El Salvador’s principal gangs — among them the Mara Salvatrucha and Barrio 18 — have called on the new administration to maintain the country’s gang truce, in what appears to be a last ditch effort to save both the pact and the benefits it has brought them.
“The historic opportunity to recover peace that began on March 9, 2012 remains open; taking advantage of this to the country’s benefit depends on everyone,” gang leaders announced in a June 3 statement (see attached document). They highlighted their early and consistent support for the government of recently instated President Salvador Sanchez Ceren, and asked the administration, the church, civil society and businessmen to join them in this cause.
The gang spokespeople blamed rising violence in the past year on poor government policy — likely an implicit reference to the policies of Security Minister Ricardo Perdomo, a major truce critic.
Additionally, the gangs asked the new government to confront the “death squads” that had “recently taken the lives of many of our members, family members and civilians,” stating that some of these groups operated inside the state apparatus.
The gangs denied reports they had recently been enforcing curfews on the population, blaming these instead on people who wanted to justify the death squads’ actions.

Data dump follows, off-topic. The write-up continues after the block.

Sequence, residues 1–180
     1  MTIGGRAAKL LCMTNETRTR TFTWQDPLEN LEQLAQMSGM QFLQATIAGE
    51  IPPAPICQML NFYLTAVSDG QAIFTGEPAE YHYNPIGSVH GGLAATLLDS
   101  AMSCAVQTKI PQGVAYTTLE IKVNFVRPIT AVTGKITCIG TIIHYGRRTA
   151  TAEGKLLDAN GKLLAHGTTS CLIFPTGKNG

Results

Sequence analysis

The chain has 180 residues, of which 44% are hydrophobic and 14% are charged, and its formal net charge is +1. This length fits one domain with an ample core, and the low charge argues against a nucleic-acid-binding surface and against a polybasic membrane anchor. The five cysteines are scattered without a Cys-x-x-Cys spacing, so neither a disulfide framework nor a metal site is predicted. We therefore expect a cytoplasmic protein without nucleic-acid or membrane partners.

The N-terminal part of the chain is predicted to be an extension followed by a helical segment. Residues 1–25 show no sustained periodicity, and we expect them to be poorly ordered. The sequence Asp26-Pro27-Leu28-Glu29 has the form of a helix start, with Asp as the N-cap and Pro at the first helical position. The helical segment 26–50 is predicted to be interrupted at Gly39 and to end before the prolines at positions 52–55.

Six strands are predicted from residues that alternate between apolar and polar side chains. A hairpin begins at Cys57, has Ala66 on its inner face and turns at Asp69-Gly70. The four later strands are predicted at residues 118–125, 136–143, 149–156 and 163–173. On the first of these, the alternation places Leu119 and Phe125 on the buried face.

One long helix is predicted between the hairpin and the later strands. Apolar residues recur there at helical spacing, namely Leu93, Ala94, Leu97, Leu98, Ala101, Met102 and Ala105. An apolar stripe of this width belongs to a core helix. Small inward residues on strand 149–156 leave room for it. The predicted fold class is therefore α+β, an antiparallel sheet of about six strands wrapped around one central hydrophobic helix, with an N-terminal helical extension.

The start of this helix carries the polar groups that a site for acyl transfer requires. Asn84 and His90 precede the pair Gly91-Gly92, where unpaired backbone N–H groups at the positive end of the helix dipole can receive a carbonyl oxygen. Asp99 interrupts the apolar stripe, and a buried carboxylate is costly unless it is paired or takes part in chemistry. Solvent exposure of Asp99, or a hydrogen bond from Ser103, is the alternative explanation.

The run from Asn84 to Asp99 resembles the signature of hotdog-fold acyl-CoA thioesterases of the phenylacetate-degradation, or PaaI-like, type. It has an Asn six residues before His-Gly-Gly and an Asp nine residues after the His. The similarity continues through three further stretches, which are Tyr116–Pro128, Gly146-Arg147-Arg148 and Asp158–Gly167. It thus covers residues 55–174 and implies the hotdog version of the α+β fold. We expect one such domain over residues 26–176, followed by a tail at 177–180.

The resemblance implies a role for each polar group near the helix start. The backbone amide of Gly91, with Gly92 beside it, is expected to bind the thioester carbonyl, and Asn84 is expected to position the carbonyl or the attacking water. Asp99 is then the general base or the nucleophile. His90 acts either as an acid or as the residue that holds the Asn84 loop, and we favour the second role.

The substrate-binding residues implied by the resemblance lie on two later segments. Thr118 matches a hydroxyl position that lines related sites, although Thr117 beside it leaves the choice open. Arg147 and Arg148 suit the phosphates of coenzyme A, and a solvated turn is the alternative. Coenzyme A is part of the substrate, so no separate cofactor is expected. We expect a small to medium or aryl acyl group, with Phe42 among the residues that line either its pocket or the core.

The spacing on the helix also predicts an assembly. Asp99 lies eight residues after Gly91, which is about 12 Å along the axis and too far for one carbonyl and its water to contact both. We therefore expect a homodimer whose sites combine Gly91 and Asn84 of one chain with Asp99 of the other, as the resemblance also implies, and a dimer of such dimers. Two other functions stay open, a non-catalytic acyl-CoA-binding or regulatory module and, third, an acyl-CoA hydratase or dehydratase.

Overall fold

InSight Crime Analysis
The outgoing Salvadoran government was instrumental in facilitating the truce between the Mara Salvatrucha (MS13) and Barrio 18, but changed its rhetoric in mid-2013 — around the same time that dramatic security improvements began to reverse and homicides began to rise again. Security Minister Perdomo was one of the main protagonists in this, closing channels of communication between imprisoned gang members and claiming the gangs had used the truce to increase involvement in transnational drug trafficking. Shortly before leaving office, outgoing President Mauricio Funes announced the truce had “failed.”
With the most recent statement, it appears the gangs are attempting to appeal to the Sanchez Ceren government before the process can be shut down completely — which would lead to a loss of the political capital and other benefits the initiative gave them.
Meanwhile, the denial of forced gang curfews — which have been reported in various regions — could indicate that the central leadership’s control over their members is slipping, and that some local factions, or “cliques,” are acting without their knowledge or approval.
The mention of death squads is also of interest. There have been recent reports of a resurgence of La Sombra Negra — a death squad primarily active in the 1990s — as well as the emergence of other groups involving security forces. While the government has denied these reports, the gangs’ concern adds weight to fears the threat from the groups is real.